Together, these cultural and regulatory constraints paint a picture as to why female-led businesses are more likely to be smaller and less productive than their male counterparts. Some of these issues require national-level policy changes or shifts in socio-cultural attitudes.
However, improving women’s financial literacy in the loan application process, their formal networks and technological ability could be done through business associations. Building up the capacity of these organisations to target female-owned entrepreneurs will provide women with the vital support and training they need to overcome some of the barriers they face.
Positive Steps – #SheTrades
We must take action to boost women’s access to economic opportunity, and empower them to create and build their own businesses.
The SheTrades Programme aims to dismantle gender barriers in international trade and support female entrepreneurs by providing training and connecting them to markets and investment opportunities.
The way forward
Recognising the many and varied – often unique – challenges that women face is important to increase their participation in trade-related activities. Governments around the globe need to acknowledge that female-owned businesses are usually smaller than their male-owned counterparts and consequently face greater proportionate costs to fight and overcome non-tariff barriers. Moreover, they must urgently consider the unintended consequences on minority (including women) owned businesses from seemingly innocuous legislative and bureaucratic hurdles.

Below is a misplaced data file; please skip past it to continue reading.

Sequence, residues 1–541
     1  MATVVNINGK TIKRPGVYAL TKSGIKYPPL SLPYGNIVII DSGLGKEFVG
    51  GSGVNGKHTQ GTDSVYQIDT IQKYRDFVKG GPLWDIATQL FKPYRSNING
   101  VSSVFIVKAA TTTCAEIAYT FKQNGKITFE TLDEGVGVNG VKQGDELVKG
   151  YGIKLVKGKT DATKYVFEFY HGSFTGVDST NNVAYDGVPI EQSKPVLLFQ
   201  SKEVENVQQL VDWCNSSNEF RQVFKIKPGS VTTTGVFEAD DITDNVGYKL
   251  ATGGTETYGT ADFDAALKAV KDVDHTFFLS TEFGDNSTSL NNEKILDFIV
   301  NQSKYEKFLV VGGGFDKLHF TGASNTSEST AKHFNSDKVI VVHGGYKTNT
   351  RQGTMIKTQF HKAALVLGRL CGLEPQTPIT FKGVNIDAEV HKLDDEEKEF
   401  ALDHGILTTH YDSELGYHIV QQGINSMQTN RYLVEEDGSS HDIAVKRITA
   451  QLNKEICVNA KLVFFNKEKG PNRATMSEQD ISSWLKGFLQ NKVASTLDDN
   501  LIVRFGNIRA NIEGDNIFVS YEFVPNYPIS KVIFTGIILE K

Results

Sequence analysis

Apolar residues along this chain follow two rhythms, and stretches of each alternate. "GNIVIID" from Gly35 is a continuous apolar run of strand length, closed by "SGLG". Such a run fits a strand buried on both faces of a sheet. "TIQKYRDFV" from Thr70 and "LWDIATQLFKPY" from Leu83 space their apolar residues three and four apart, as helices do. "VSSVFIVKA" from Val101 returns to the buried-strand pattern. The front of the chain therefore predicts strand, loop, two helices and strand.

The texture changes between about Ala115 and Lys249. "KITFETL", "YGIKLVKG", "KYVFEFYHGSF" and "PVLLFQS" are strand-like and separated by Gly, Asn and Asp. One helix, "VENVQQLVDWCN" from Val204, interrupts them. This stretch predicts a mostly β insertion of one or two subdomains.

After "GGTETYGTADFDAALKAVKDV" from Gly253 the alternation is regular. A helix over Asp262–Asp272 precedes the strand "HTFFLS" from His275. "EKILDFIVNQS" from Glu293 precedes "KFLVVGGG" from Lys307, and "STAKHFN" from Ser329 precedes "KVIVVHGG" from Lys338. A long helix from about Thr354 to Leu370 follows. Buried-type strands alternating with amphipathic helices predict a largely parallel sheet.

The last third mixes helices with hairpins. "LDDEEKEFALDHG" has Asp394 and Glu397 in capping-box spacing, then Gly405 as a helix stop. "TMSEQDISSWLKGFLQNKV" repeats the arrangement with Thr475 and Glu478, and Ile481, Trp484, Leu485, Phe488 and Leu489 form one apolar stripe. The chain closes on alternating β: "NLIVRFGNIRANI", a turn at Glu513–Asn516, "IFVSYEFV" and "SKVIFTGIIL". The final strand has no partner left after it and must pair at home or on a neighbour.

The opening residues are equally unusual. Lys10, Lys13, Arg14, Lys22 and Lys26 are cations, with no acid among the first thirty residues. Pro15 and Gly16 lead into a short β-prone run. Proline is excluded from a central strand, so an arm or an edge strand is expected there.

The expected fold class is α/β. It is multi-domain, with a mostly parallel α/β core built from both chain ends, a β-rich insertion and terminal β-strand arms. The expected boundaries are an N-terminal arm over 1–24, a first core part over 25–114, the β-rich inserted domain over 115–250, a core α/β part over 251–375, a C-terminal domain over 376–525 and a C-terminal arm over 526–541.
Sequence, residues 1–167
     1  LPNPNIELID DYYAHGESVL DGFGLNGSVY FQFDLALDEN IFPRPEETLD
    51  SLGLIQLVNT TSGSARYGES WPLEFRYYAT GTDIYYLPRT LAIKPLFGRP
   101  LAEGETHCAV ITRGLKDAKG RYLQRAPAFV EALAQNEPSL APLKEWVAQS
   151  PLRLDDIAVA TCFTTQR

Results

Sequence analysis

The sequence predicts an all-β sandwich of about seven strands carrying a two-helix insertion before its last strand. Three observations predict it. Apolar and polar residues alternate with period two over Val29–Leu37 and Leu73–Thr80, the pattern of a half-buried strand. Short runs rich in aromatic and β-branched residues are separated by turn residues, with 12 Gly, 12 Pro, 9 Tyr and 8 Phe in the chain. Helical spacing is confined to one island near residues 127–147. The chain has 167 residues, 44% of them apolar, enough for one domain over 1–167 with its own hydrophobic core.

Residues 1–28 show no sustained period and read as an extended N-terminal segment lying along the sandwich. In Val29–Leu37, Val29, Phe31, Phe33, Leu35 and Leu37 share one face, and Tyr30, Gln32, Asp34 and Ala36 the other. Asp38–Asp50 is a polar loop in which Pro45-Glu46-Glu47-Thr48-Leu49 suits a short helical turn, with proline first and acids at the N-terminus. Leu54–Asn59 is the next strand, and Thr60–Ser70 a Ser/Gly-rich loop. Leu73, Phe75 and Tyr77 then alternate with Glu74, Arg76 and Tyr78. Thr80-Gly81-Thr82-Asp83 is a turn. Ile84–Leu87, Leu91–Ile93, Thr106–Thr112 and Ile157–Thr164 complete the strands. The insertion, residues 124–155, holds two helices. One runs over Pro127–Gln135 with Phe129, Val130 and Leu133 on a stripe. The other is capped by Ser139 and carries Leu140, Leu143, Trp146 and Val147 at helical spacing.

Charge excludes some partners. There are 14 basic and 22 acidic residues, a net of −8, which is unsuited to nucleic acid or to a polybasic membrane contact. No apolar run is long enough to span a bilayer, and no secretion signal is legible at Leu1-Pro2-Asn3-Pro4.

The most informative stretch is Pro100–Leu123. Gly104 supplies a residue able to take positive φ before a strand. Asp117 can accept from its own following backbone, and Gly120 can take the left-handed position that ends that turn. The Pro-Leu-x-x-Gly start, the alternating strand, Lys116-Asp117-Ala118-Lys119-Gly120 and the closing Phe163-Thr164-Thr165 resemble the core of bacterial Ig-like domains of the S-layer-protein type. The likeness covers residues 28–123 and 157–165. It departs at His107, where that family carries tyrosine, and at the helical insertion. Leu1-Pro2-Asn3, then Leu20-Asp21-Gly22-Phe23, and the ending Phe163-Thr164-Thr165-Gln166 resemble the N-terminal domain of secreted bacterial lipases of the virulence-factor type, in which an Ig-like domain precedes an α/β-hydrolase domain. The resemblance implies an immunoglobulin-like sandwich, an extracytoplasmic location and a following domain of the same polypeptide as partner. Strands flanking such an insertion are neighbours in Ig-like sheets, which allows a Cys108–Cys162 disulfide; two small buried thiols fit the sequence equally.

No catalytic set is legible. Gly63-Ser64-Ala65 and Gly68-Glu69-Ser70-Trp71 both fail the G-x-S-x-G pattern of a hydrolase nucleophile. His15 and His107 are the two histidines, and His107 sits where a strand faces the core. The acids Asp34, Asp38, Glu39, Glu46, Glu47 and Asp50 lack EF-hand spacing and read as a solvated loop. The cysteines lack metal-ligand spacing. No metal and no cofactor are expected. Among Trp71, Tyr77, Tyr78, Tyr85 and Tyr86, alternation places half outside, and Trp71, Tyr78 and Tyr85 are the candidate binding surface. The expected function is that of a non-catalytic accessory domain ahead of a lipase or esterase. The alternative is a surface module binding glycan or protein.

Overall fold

How IMC’s trade offer can help?
IMC Worldwide’s Trade and Investment team seeks to support female-owned SMEs.
Firstly, we build up their capacity to create products and services that are suitable for export. Secondly, we develop their capability to overcome impacts of trade barriers and regulatory standards to compete in the global markets. This includes training programmes to improve export knowledge and issues faced by SMEs. Finally, we create connections to expand their access to new markets and trade opportunities.
It is time that women are recognised as serious players in the economy. Striving towards greater gender equality not only boosts economic growth and increases international competitiveness of the economy, but is also associated with better education and health, and towards a path of prosperity, growth and inclusive, sustainable development.
We are delighted that the authorised Coca Cola bottler in Nepal, Bottlers Nepal Limited, has joined Unilever, Prabhu Bank and UK Aid-funded RAP3 CONNECT, which is delivered by IMC, to help local women become micro-entrepreneurs.
We are pleased that the Rural Access Programme was presented as an example of the positive impact achieved by programmes funded by the Department for International Development during a UK Infrastructure and Projects Authority conference in June.
Key performance indicators increase donor accountability, hold multilateral development banks to account and ensure money goes to projects that are likely to work. However, they are not a silver bullet and are sometimes discarded for political reasons.